Carl Nielsen and the Gothenburg Orchestral Society 1914-31. Contact, Programming, and Repertoire

  • Peter Hauge

Abstract

During his marital crisis, which started around 1917, Nielsen tried to get away from Copenhagen where he found the conditions gradually becoming more and more difficult. When he realised that Wilhelm Stenhammar – chief conductor in Gothenburg – wanted to spend more time on composing Nielsen wrote several times asking whether he could act as a substitute for Stenhammar. They agreed that Nielsen should relieve Stenhammar of some of the duties as conductor, initially just for one season. However, the Orchestral Society was so satisfied with Nielsen — and he with the conditions in Gothenburg — that he worked as a substitue for many years. Apparently Nielsen was able to decide which works to include in the programmes, as long as he followed the Society’s guidelines. From a modern point of view, the programming may seem somewhat haphazard and impulsive but it was often dictated by many practical circumstances. Nielsen’s repertoire in Gothenburg seems conservative and not as varied as that of younger conductors, and he does not seem to have had a particular interest in new musical trends. The article includes an appendix containing the programmes of those concerts which Nielsen conducted in Gothenburg.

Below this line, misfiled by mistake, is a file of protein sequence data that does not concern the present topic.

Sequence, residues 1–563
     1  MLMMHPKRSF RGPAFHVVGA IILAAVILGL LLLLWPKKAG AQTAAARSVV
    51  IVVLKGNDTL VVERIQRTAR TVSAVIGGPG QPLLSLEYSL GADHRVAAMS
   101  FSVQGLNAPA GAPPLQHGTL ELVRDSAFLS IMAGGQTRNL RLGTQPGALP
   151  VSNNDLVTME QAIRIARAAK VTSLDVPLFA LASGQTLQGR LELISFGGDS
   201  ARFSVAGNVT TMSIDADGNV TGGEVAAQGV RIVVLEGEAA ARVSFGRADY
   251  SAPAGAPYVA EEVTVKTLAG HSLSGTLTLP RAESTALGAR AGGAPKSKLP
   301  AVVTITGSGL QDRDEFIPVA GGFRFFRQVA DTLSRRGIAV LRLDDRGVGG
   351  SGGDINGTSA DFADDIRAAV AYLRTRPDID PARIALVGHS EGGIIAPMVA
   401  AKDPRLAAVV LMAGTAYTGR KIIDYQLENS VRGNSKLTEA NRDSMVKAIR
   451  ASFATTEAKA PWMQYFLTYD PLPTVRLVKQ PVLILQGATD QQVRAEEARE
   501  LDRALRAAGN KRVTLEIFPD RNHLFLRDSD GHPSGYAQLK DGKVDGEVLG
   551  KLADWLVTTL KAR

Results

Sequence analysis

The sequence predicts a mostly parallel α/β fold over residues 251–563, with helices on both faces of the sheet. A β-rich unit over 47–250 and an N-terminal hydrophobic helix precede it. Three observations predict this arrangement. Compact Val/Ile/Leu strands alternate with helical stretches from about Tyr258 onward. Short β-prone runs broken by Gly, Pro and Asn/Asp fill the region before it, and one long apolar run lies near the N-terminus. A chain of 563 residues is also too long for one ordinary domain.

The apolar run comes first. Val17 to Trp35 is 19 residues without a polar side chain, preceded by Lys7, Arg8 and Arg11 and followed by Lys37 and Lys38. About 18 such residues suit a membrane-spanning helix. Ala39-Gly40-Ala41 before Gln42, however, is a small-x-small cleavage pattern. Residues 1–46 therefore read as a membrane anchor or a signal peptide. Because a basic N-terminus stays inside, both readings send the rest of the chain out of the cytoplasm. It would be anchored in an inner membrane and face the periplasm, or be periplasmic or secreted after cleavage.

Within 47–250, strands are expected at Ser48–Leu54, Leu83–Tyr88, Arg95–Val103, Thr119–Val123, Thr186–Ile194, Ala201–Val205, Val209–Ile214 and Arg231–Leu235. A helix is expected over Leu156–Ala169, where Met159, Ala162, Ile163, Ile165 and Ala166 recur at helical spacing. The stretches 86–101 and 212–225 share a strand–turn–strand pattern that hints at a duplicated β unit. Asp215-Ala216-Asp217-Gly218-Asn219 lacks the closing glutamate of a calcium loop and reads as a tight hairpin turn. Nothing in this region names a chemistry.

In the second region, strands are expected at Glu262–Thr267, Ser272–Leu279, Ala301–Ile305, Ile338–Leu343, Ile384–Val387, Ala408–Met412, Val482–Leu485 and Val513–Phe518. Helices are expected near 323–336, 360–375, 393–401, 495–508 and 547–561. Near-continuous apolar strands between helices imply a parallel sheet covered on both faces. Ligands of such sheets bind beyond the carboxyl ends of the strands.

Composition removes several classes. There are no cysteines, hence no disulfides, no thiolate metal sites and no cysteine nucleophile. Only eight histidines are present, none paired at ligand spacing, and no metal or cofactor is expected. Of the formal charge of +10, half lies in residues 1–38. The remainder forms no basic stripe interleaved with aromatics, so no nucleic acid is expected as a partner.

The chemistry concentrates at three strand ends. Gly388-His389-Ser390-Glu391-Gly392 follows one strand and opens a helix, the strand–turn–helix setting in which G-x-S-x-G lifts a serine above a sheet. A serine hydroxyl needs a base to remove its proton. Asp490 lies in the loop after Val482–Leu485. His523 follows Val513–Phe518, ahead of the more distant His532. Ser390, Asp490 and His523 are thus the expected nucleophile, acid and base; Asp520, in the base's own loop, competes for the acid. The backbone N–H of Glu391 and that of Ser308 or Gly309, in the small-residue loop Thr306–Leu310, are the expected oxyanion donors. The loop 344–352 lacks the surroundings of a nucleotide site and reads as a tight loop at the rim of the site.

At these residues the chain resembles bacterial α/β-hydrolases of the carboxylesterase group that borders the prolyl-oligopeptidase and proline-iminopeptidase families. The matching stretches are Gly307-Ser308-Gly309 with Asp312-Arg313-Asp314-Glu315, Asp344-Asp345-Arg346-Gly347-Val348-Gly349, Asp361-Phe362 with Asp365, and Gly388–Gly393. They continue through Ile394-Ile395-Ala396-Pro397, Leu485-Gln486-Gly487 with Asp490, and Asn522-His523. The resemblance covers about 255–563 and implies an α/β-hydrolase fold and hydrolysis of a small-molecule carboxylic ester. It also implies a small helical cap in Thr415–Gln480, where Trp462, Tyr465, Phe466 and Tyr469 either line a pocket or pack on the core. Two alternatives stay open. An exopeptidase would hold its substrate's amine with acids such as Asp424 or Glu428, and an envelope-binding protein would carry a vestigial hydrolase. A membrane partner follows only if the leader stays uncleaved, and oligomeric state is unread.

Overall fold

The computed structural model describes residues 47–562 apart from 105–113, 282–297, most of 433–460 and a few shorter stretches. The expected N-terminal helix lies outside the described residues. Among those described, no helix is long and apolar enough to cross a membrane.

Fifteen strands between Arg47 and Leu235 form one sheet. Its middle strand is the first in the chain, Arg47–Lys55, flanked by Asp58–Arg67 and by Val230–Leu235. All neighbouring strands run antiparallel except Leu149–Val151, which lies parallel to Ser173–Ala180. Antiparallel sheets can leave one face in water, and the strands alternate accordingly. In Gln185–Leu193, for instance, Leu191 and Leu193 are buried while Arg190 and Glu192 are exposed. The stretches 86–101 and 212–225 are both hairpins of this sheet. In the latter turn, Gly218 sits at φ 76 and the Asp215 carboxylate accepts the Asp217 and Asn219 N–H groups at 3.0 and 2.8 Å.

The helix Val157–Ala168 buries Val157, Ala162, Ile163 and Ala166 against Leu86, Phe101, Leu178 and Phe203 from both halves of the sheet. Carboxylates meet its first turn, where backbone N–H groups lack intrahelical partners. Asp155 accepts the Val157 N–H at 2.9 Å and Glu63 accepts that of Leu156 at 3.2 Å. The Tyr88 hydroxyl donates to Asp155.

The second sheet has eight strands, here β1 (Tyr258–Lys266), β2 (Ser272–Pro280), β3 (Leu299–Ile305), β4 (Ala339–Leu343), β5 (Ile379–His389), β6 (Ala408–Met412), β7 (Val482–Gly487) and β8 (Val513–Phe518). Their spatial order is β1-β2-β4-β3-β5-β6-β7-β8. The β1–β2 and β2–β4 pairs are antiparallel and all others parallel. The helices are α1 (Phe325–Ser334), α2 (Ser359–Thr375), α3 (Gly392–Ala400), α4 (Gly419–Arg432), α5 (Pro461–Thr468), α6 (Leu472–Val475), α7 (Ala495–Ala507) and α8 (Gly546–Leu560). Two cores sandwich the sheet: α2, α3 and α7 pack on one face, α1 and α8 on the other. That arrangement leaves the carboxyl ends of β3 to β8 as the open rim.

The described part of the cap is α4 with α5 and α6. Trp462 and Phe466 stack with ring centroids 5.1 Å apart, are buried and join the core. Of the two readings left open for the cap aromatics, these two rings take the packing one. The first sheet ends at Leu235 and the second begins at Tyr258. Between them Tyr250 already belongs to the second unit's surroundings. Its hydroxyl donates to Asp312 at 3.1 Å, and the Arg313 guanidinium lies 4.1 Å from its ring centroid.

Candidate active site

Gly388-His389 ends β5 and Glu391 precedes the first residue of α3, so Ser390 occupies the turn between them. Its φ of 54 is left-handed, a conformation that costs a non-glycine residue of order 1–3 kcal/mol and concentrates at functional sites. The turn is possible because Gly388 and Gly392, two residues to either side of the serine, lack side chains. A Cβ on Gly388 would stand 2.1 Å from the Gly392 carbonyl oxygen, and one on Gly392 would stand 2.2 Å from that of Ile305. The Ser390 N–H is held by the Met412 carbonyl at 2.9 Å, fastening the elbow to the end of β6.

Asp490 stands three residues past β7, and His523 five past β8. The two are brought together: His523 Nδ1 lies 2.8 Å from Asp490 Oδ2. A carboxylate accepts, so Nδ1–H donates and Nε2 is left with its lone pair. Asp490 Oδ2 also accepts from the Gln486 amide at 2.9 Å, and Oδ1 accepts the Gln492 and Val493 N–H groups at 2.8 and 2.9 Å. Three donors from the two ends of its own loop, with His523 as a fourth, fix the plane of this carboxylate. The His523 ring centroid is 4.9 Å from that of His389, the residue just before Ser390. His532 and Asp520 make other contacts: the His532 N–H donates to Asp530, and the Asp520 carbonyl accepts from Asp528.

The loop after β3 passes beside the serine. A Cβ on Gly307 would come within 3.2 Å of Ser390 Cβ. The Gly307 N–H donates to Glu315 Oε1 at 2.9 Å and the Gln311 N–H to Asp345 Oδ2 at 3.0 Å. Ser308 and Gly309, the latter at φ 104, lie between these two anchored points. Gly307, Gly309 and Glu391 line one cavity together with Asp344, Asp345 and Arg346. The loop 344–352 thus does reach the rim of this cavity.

Published
2005-04-10
How to Cite
Hauge, P. (2005). Carl Nielsen and the Gothenburg Orchestral Society 1914-31. Contact, Programming, and Repertoire. Carl Nielsen Studies, 2. https://doi.org/10.7146/cns.v2i0.27731
Section
Articles